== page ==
UcdavusATTENTION: CA Parents/Caregivers/Clinicians


NIH wants YOUR opinion on what is needed in autism research!

The NIH Interagency Autism Coordinating Committee (IACC) cordially invites parents who are affiliated with SafeMinds, the National Autism Association (NAA), the Autism Research Institute and Defeat Autism Now!, the M.I.N.D. Institute, FEAT, TACA, Generation Rescue, Autism Society of America and any other local or national groups chapters to a Town Hall Meeting. The meeting is free and open to the public. Advance registration is not required. 

WHO? The Interagency Autism Coordinating Committee (IACC) of the NIH (National Institutes of Health) hosted by the National Institute of Environmental Health Sciences (NIEHS) and the National Institute of Child Health and Development (NICHD) with gracious donation of facilities on the UC Davis campus.

WHAT? Town Hall Meeting to hear what parents and the clinicians treating those with autism believe are the most fruitful areas of autism research, discuss the possibilities and develop the next steps for autism research.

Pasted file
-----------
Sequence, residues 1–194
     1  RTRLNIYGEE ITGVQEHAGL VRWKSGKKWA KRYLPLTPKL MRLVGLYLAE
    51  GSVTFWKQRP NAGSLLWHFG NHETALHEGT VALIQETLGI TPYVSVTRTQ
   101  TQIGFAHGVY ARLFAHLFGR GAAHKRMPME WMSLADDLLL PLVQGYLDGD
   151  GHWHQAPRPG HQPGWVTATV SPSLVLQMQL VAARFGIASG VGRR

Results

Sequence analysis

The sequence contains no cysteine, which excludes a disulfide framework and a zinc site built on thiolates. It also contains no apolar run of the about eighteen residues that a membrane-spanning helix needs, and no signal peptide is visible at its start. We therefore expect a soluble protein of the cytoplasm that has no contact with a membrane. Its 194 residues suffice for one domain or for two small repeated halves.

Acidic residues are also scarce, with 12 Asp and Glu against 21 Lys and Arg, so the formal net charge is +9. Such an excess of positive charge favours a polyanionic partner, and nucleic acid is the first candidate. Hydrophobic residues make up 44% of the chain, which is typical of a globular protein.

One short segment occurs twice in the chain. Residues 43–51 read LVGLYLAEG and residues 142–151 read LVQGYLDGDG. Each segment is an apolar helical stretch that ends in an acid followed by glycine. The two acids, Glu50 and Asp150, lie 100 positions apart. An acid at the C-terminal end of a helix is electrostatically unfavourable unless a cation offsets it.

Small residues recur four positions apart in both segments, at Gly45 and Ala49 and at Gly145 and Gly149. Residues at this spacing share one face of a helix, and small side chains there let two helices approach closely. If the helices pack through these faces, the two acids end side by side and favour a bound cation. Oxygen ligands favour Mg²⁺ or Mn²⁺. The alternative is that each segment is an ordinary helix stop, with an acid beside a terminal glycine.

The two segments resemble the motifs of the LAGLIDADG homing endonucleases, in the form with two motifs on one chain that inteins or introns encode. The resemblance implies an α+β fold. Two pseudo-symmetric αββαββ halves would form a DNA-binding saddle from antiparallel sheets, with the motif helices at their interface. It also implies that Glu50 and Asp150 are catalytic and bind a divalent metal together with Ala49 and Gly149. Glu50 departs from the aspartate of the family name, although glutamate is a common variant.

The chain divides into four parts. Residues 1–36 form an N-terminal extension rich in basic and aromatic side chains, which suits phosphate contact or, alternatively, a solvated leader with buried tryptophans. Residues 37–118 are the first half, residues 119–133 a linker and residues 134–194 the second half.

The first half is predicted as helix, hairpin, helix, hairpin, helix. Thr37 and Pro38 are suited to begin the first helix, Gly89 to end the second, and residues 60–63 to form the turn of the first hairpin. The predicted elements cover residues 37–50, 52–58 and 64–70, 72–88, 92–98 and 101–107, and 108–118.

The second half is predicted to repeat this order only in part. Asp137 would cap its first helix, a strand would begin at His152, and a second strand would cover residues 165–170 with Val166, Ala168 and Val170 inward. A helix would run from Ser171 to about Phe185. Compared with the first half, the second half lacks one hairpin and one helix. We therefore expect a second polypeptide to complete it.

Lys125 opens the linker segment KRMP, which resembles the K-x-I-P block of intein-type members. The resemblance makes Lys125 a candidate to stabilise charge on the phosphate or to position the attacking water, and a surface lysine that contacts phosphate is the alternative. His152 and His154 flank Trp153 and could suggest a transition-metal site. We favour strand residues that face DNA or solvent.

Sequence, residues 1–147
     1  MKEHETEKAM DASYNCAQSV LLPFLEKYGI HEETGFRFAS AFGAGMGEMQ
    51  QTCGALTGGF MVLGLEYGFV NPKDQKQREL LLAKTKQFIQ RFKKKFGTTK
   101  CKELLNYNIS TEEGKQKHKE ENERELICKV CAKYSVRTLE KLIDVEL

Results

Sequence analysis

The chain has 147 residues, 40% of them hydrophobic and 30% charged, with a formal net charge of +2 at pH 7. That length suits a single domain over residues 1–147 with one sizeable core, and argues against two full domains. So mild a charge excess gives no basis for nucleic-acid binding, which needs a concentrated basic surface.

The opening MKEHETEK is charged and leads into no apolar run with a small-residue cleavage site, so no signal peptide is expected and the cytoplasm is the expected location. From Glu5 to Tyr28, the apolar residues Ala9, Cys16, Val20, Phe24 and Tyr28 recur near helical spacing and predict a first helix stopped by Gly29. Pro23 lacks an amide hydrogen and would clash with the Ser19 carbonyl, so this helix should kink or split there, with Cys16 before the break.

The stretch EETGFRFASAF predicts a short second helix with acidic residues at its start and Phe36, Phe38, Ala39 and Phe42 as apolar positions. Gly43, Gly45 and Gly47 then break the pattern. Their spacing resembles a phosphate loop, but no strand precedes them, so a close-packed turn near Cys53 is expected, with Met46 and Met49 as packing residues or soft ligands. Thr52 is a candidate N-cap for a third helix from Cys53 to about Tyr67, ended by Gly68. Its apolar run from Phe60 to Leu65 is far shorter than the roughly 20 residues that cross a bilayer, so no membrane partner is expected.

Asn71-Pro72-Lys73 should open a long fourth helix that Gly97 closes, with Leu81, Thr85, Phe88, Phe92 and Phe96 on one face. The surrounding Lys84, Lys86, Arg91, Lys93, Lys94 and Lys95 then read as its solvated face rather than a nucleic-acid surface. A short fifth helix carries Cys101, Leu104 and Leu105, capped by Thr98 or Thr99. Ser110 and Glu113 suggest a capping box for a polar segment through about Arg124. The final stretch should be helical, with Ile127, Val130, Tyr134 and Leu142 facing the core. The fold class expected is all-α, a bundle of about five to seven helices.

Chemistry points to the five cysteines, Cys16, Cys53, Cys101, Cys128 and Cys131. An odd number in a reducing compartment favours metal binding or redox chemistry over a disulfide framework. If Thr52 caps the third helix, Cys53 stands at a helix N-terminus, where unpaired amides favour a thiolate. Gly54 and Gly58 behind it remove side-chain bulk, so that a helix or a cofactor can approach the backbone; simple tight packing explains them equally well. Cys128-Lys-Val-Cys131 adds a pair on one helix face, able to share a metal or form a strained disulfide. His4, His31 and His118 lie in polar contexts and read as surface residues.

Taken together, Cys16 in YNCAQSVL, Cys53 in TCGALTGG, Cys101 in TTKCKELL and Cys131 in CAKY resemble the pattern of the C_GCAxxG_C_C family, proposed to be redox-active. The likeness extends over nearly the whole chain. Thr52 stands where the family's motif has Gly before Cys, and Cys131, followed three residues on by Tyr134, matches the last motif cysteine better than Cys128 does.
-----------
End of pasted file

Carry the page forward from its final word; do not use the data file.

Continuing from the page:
WHEN? Saturday, May 3, 2008. 10:00 a.m. – 5:00 p.m.

WHERE? The Cancer Center at UC Davis Medical Center, 4501 X St., Sacramento. Ample event parking will be available in Visitor Lot 4 adjacent to the Cancer Center.

WHY? The IACC at NIH is presently working on next year’s strategic plan for Autism Research scheduled to be completed and presented to HHS Secretary Leavitt this summer. Now is the time to let your opinion be heard. Tell them what type of research do YOU want to see. Neurobiology? Promising medical and/or behavioral treatments? Best practices in services/delivery? Research into environmental causes/triggers? Prevention? Epigenetics?

For further information: please contact Phyllis Brown, senior public information officer for the U.C. Davis M.I.N.D. Institute, at 916-734-9023, or Christine Bruske Flowers Director, Office of Communications and Public Liaison, National Institute of Environmental Health Sciences, National Institutes of Health (NIH), at 919-541-3665..

Town Hall Meeting Agenda

10: 00 Welcome—Isaac Pessah, Director, Center for Children’s Environmental Health and Disease Prevention, UC Davis